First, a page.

• Palpation: The healthcare provider feels for areas of tenderness, swelling, or muscle spasm.
  • Neurological assessment: Evaluating reflexes, muscle strength, sensation, and coordination for any indications of nerve compression or damage.
  • Posture and gait analysis: Observing the patient’s posture and walking pattern to identify signs of underlying spinal issues.

Imaging Studies

  • X-rays: X-rays can detect bone abnormalities, such as fractures, dislocations, or degenerative changes (e.g., osteoarthritis).
  • MRI (Magnetic Resonance Imaging): MRI provides detailed images of the soft tissues of the spine, including the discs, nerves, and surrounding structures. MRI is particularly useful for diagnosing conditions such as herniated discs, spinal stenosis, or soft tissue injuries.
  • CT (Computed Tomography) scan: CT scans provide detailed images of the bones and joints of the spine. They are especially helpful for identifying fractures or structural abnormalities. CT scans can also help assess for spinal instability or spinal canal narrowing.

Electromyography (EMG) and Nerve Conduction Studies

Electromyography (EMG) and nerve conduction studies measure the electrical activity of muscles and nerves to check for damage or dysfunction.

Electromyography (EMG) measures the electrical activity of muscles. It involves inserting very thin needles into the muscles to record their electrical signals. EMG can help identify muscle dysfunction or damage, such as muscle weakness or spasms, which may be related to nerve problems or other issues in the spine.

NCS measures how well and how fast electrical signals travel along nerves. It involves applying small electrical impulses to nerves and recording the nerve’s response. This test helps identify nerve damage or compression.  Nerve conduction studies can help diagnose conditions like sciatica or peripheral neuropathy.

By analyzing the results of EMG and NCS, doctors can better understand the underlying cause of a person’s back pain and tailor treatment accordingly, whether it involves physical therapy, medication, or surgery.

Treatment for Back Injuries

Back Injury Treatment

The treatment for back injuries depends on the cause, severity, and individual circumstances. Here’s an overview of common treatments.

Rest and Activity Modification

The first step in recovering from minor back injuries is to rest and avoid activities that worsen symptoms, such as heavy lifting. Nonsteroidal anti-inflammatory drugs (NSAIDs) and heat and ice therapy can help relieve pain.


Nonsteroidal anti-inflammatory drugs (NSAIDs) like ibuprofen or naproxen can help reduce inflammation and alleviate pain. Muscle relaxants may be prescribed to relieve muscle spasms. In some cases, stronger pain relievers or medications may be necessary.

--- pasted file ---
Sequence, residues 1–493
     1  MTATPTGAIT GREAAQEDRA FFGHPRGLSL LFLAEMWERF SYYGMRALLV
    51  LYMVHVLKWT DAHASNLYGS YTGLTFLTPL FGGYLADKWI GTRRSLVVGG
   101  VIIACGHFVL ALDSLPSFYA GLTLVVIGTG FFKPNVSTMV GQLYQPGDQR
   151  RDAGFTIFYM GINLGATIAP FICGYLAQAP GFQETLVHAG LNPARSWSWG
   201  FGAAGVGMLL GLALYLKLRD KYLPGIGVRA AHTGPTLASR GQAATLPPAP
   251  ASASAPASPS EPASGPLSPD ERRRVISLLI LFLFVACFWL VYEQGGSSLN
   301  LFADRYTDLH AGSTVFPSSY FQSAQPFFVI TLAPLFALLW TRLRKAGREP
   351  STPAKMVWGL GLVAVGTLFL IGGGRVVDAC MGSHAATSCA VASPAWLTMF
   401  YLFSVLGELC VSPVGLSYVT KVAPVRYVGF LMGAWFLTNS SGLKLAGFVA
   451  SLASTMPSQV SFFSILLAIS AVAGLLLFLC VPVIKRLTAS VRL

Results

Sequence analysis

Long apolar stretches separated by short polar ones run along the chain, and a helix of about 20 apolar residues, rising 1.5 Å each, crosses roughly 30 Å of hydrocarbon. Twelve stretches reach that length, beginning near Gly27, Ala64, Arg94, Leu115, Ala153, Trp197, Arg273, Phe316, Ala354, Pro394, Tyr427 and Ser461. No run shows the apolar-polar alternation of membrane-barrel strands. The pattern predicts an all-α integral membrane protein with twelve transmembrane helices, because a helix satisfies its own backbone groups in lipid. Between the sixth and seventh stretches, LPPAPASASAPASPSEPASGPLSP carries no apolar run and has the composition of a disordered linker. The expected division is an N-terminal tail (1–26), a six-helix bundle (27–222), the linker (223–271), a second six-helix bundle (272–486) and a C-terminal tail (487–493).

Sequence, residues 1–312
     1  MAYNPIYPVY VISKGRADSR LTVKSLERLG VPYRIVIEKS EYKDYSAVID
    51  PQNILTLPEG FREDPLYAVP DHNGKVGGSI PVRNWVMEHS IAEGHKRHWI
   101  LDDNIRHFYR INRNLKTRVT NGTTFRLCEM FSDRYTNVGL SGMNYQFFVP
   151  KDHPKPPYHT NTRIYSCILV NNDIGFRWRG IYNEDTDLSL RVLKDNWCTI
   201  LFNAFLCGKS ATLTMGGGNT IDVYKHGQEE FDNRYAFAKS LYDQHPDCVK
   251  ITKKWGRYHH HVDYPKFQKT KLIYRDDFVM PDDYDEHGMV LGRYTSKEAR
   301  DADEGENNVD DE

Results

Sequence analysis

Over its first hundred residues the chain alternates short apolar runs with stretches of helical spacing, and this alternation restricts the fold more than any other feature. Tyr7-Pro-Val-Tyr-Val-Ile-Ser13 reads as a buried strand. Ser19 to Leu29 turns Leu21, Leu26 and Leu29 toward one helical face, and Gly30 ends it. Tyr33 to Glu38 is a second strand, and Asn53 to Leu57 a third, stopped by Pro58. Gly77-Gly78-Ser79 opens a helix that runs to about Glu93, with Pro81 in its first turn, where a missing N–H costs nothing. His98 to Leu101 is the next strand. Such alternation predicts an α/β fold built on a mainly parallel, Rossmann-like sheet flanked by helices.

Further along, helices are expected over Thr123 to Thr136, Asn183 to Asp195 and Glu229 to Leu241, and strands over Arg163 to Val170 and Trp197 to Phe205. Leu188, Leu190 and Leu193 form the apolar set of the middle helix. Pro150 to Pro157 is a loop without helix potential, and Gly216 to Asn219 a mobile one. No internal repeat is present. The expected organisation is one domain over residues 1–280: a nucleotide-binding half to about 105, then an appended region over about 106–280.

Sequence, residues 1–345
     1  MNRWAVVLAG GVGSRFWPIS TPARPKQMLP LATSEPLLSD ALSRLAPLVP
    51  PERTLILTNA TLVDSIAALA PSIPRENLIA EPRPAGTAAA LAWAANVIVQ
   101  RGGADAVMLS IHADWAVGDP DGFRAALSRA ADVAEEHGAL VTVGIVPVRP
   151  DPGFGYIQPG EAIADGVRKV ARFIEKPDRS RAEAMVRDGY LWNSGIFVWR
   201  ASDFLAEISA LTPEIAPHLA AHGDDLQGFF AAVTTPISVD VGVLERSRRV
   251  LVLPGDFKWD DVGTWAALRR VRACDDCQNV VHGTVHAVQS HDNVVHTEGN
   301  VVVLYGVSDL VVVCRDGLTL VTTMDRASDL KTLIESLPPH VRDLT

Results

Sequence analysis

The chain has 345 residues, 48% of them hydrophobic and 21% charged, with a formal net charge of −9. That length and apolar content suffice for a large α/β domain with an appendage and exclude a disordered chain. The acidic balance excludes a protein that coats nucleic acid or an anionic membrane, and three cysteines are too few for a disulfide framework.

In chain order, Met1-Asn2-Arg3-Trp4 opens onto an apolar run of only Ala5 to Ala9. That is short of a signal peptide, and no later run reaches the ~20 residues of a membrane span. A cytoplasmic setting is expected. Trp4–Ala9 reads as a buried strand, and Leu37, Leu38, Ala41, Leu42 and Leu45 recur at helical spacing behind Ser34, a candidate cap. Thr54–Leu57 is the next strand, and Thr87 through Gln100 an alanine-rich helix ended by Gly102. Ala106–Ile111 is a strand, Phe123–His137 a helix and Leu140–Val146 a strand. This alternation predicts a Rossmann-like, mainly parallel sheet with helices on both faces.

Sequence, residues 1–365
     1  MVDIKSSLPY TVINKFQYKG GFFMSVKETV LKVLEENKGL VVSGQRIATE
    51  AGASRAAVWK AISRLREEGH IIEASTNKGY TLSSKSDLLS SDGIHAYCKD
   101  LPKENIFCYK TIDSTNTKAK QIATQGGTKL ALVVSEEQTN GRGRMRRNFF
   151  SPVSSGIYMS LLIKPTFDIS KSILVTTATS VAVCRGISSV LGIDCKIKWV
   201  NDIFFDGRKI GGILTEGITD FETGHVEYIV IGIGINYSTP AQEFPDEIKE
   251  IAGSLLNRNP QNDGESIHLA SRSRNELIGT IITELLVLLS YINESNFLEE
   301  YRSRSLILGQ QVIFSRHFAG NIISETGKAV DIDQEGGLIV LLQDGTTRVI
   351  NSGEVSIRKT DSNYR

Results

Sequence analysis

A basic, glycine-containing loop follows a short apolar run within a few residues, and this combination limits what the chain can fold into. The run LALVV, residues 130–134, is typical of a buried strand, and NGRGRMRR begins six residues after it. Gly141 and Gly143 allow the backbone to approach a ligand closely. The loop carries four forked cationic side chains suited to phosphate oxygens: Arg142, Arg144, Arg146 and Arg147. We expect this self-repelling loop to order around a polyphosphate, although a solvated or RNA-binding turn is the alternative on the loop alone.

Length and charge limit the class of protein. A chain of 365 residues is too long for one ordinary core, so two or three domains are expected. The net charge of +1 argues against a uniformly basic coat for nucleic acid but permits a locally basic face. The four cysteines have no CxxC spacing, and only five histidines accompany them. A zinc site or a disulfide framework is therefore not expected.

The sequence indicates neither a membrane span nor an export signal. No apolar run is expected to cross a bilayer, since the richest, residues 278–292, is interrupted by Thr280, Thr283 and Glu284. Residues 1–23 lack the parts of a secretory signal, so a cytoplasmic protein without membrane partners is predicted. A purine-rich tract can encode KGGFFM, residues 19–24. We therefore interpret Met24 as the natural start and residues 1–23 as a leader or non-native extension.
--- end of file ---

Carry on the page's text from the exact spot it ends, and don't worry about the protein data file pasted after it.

Physical Therapy

Physical therapy plays a crucial role in the treatment of back injuries. It aims to strengthen muscles, improve flexibility, and correct posture and movement patterns. Therapeutic exercises, stretching, manual therapy techniques, and modalities like heat or cold therapy may be incorporated into a customized treatment plan.

Injection Therapies

For severe or persistent pain, doctors may recommend injections to help provide relief and reduce inflammation. Corticosteroid injections may be administered directly into the affected area of the spine to reduce inflammation and provide pain relief. Other types of injections, such as nerve blocks or facet joint injections, can target specific nerves to alleviate pain.

Chiropractic Care

Chiropractors use manual manipulation techniques to realign the spine and alleviate pain. Chiropractic care for back injuries helps improve mobility, reduce inflammation, and restore function to the affected area.


Surgery is typically considered a last resort for severe or persistent back pain that doesn’t respond to conservative treatments. Surgical procedures for back injuries may include discectomy (removing part of a herniated disc), laminectomy (removing the lamina to relieve pressure on the spinal cord or nerves), spinal fusion, or artificial disc replacement.

It’s crucial to consult with a healthcare professional for an accurate diagnosis and personalized treatment plan tailored to your specific condition and needs. Additionally, seeking prompt medical attention can prevent worsening of symptoms and complications associated with back injuries.


Back injuries can lead to various short-term and long-term complications. It’s essential to seek prompt medical attention to prevent complications.

Short-Term Complications

  • Pain and Discomfort: The pain from a back injury can be severe and even debilitating, affecting daily activities and quality of life.
  • Limited Mobility: Back injuries can restrict mobility and flexibility, making it difficult to work, do household chores, and enjoy fun activities.
  • Risk of Reinjury: If you return to work or activities too soon, you could reinjure your back or aggravate an injury that hasn’t fully healed.
  • Nerve Compression Symptoms: Injuries such as herniated discs or spinal stenosis can compress nerves, leading to symptoms like numbness, tingling, or weakness in the legs or arms.

Long-term Complications

  • Chronic Pain: Some people may experience chronic back pain that lasts weeks, months, or even years after the initial injury. Chronic pain can significantly impact a person’s quality of life.
  • Nerve Damage: Nerve damage from prolonged compression or trauma can damage nerves, causing sensory disturbances, weakness, numbness, or paralysis. A spinal cord injury can lead to permanent paralysis and life-long disability.
  • Degenerative Changes: Severe back injuries like spinal fractures may accelerate degenerative changes in the spine, increasing the risk of conditions such as osteoarthritis or degenerative disc disease.